New York Yankees see off Boston Red Sox in run-fest at the London Stadium

New York Yankees see off Boston Red Sox in run-fest at the London Stadium

The first Major League Baseball game to be played in the UK turned into a run-fest as the New York Yankees held on to beat rivals the Boston Red Sox 17-13 at the London Stadium.

Baseball in what is considered its purest form should be a low-scoring battle of pitchers, but any new fans among the sell-out crowd of 59,659 – a record for the major leagues this season – saw something of an arcade version as the teams piled up six home runs and 37 hits between them.

Aaron Hicks, Brett Gardner and Aaron Judge cleared the fences for the Yankees, while Michael Chavis had two three-run shots for the Red Sox to go with Jackie Bradley Jr’s solo shot in the sixth.

It saw the so-called ‘Evil Empire’ extend their run to 12 wins out of 13, moving further clear at the top of the American League East.

In contrast, this version of the Red Sox often looked about as far from being capable of defending their World Series crown as they were from Boston, hitting well but without the pitching needed to win consistently.

After Red Sox lead-off hitter Mookie Betts met his distant relative the Duchess of Sussex Meghan Markle pre-game, the first inning of a Major League Baseball game to be played in Europe contained more drama than anything the former actress has appeared in.

The London crowd could have been forgiven for thinking the contest was effectively over when Hicks became the first player to hit a major league home run this side of the Atlantic, putting the Yankees 6-0 up on a two-run shot to right field.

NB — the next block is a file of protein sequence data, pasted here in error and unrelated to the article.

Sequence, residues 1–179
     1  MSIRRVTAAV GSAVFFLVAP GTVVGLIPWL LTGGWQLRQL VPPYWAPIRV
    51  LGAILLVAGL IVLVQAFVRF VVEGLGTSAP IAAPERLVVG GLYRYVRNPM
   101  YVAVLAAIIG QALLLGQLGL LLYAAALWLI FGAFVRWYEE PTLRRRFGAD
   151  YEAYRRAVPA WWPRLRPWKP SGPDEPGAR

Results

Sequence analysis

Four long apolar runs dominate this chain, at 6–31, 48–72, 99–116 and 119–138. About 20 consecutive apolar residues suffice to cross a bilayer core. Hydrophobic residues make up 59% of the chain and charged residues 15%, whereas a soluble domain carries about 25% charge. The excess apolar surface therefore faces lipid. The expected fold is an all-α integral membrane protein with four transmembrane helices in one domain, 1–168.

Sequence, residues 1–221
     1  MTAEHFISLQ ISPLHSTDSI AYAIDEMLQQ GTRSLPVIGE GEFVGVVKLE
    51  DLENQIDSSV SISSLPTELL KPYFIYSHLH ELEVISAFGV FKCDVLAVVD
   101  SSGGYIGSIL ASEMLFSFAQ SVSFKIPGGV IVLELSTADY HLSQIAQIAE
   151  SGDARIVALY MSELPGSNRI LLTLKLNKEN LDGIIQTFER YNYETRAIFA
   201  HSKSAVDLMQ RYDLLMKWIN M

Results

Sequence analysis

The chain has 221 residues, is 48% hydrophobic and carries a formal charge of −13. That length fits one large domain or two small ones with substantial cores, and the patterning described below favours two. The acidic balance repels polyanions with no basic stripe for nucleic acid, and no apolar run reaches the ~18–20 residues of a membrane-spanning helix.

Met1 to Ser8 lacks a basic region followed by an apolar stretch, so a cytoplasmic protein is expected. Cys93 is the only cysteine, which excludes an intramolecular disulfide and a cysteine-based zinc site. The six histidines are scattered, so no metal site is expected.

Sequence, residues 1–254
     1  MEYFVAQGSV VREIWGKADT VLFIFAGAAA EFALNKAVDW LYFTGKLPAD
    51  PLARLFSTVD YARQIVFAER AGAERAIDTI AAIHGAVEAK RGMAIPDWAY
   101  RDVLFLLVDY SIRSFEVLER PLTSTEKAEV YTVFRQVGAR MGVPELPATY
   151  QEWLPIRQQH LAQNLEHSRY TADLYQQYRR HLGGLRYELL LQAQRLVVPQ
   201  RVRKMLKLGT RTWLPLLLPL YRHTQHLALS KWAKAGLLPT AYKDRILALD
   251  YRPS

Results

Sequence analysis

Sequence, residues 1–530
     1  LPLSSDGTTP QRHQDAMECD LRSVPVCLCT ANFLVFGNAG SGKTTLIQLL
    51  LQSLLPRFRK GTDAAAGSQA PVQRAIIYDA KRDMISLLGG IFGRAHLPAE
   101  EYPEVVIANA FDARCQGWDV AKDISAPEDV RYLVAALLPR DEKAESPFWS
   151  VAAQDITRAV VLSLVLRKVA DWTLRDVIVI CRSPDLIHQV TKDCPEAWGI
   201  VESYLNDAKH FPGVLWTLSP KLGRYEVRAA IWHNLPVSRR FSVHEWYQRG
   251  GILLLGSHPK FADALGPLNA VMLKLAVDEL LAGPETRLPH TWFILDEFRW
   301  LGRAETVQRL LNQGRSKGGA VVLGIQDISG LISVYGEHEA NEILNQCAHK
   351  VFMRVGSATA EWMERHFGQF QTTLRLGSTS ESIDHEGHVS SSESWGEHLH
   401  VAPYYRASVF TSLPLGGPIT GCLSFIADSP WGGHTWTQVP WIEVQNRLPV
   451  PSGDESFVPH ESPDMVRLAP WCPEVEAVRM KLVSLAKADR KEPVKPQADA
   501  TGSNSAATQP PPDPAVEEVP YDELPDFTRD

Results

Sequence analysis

But as quickly as this powerful Yankee line-up had chased Red Sox starting pitcher Rick Porcello from the game, their own Masahiro Tanaka would make an unwanted exit.

The Japanese righthander was immediately in trouble as Boston loaded the bases with nobody out, and when Chavis hit a home run to centre-field, the game was level at 6-6.

Lest any newcomers think this 12-run, 58-minute opening inning was normal, it was the first time since 1989 that both starting pitchers had been replaced without getting three outs.

That sort of pace could not last, but nor did the drama. The Yankees quickly moved back in front as Gardner made it 8-6 with a two-run homer in the third.

In the fourth, DJ LeMahieu’s three-run double was followed by a two-run homer from Judge which made it 14-6.

They moved 17-7 clear but even then the Red Sox threatened another rally, with another three-run shot from Chavis sparking a six-run seventh that cut the deficit to four, before New York finally closed the door.

The Yankees will not be alone in toasting success, as the biggest crowd for any major league game this season is also a huge win for MLB.

Where the NFL and NBA have been visiting London for several years, MLB has been slower to join in, mostly due to a lack of suitable venues for a ballpark.

Red Sox owner John W Henry told PA he had been working towards this day for a decade, but the cost of converting a venue like the London Stadium was vast, and the league will move forward cautiously.

“I was hoping to play either here or Wembley,” Henry said. “At first I thought Wembley would be a great venue but this is really cool. It’s expensive to make the changes but this is great.”

Another two-game series, between the Chicago Cubs and St Louis Cardinals, is scheduled for next June, but the project’s future beyond that is unclear.

“I’m thrilled we’re in London,” said MLB commissioner Rob Manfred. “I’m glad we’re coming back next year.

“I’d like to be back after that but I’m also interested in having play in other cities in Europe. All of that will have to be worked out.”